Keywords: public company; listed firm; accounting performance; family firm; ownership; systematic review.
Managing corporate-startup relationships: What matters for entrepreneurs?
by Franz Simon
Abstract: Startups have become an important part of corporations' external technology sourcing portfolio. Nonetheless, startups may be reluctant to enter in a relationship with a corporation. Prior research on corporate-startup relationships has primarily focused on the benefits for corporations and neglected the perspective of startups. In a multiple case study, we analyse the collaborations of 12 startups to 30 different corporations to address this gap. The findings show that complementary assets, risks as well as relational characteristics, influence the willingness of startups to enter such collaborations. We deduct nine propositions concerning, e.g., reputation and market access, misappropriation and the commitment of corporations. Further, our analysis highlights differences and similarities according to the maturity of startups. The study contributes to external technology sourcing literature and allows corporate managers to better understand the perspective of entrepreneurs in terms of engaging in strategic partnerships.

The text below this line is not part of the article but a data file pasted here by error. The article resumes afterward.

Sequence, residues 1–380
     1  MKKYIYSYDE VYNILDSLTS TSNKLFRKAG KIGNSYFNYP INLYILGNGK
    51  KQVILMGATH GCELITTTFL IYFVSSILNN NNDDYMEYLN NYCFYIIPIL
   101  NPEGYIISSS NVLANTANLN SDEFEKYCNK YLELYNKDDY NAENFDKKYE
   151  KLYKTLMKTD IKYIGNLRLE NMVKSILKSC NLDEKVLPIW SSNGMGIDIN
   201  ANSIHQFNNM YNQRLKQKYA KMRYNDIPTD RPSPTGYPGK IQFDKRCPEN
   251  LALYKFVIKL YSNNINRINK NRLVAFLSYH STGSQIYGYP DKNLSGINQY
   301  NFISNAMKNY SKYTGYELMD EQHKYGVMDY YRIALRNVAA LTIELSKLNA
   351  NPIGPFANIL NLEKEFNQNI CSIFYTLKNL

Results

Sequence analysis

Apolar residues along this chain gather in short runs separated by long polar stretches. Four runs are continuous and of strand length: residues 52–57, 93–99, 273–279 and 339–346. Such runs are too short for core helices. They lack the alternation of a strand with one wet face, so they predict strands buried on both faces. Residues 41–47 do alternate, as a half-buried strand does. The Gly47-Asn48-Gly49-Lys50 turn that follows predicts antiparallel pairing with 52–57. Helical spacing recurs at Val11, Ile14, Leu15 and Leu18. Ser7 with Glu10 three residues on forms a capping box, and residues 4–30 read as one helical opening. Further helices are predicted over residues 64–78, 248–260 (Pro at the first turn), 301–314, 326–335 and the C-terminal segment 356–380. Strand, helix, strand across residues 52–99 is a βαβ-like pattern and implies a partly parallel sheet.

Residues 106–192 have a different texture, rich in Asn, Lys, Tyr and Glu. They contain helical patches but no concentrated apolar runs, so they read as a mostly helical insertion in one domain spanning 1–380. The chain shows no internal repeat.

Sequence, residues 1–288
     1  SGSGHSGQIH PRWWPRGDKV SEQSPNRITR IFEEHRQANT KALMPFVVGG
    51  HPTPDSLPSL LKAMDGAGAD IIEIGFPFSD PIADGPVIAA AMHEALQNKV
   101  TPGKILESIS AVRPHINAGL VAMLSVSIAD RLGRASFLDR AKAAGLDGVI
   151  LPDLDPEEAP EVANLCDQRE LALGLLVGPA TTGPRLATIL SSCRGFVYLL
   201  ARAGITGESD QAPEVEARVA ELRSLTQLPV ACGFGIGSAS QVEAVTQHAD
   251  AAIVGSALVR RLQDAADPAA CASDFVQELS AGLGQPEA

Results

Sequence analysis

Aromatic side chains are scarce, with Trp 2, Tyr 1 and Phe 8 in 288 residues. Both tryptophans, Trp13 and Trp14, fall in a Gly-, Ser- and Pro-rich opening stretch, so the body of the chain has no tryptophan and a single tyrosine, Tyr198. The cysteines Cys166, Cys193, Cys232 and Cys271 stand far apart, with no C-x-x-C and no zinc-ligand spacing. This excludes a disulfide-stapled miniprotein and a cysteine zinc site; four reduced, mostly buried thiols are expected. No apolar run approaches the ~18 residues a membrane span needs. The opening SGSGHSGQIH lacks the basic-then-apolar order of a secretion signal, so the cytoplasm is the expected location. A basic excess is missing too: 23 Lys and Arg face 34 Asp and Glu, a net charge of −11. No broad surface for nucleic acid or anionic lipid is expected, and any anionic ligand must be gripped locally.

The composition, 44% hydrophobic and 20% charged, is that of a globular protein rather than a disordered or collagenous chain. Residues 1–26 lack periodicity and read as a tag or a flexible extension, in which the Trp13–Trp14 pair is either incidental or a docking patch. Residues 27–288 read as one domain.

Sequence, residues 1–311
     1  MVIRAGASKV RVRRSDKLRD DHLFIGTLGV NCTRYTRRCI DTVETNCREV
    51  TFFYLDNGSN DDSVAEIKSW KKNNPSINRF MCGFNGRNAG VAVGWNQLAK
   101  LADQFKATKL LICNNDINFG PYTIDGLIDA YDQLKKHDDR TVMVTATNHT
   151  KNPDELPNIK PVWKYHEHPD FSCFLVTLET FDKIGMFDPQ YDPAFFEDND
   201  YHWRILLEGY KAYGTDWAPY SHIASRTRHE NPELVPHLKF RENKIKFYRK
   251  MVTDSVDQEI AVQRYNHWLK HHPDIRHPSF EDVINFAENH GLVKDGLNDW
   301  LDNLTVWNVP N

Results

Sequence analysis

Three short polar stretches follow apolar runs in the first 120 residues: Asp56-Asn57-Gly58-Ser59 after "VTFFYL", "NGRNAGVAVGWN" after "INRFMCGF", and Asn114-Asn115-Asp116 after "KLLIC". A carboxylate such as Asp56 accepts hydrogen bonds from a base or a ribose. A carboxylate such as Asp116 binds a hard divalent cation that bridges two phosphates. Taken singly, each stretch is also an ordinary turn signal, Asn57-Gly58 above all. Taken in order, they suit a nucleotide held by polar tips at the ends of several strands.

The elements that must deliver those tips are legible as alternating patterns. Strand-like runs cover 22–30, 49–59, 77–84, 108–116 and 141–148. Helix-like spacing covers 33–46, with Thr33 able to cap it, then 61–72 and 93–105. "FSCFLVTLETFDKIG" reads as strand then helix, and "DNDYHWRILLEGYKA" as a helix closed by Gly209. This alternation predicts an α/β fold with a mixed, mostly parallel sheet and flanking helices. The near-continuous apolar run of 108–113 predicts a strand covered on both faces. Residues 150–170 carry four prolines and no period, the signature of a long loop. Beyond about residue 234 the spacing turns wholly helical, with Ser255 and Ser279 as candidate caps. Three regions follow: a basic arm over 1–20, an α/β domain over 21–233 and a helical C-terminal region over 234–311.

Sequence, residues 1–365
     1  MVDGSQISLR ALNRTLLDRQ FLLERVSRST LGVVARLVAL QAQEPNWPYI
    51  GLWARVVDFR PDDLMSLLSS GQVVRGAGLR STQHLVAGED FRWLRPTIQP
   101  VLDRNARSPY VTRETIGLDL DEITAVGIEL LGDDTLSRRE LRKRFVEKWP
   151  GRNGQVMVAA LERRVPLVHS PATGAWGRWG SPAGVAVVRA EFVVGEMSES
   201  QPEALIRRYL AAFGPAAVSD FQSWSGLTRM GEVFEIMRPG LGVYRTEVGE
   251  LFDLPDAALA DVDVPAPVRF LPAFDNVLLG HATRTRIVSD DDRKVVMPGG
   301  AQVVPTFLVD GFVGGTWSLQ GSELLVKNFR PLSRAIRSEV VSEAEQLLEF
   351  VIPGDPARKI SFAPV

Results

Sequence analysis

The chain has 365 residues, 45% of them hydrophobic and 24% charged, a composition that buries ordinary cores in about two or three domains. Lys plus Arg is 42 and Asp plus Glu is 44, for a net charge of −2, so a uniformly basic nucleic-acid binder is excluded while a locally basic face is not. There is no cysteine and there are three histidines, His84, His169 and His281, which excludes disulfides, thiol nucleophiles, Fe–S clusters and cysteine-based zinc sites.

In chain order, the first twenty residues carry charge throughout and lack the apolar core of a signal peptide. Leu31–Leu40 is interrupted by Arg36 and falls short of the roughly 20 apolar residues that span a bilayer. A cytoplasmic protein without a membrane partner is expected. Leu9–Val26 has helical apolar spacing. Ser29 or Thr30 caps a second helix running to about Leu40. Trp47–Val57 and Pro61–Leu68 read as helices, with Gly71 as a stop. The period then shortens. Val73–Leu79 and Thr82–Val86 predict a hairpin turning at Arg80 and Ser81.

Keywords: External technology sourcing; corporate entrepreneurship; startups; corporations; corporate-startup relationships; asymmetric partnerships.
The dual effect of the age of the entrepreneur on the innovation performance of the micro-enterprises
by Cristina Lopez-Cozar-Navarro
Abstract: This paper aims to determine whether the traditional consideration by the scientific literature of the negative influence of the age of the micro-entrepreneur on the innovation performances of the business, can become positive when using information and communication technology (ICT) and developing strategies of corporate social responsibility (CSR) and diversification. The study was conducted using a sample of 148 micro Spanish companies. The results have been contrasted by two models, one without interactions to test the main effects of each of the variables under study; and a second model that includes interactions of the variable age with these moderator variables. The results show that the use of ICTs and the development of CSR activities by micro-entrepreneurs moderate the negative effect of the variable age over the innovation performance of the micro-enterprise. In contrast, the diversification decision enhances this negative effect.
Keywords: age; entrepreneur; micro-enterprise; innovation performance; corporate social responsibility; diversification; information and communication technologies.
Better safe than sorry? The effect of trust on venture capitalists
by Carolin Helmreich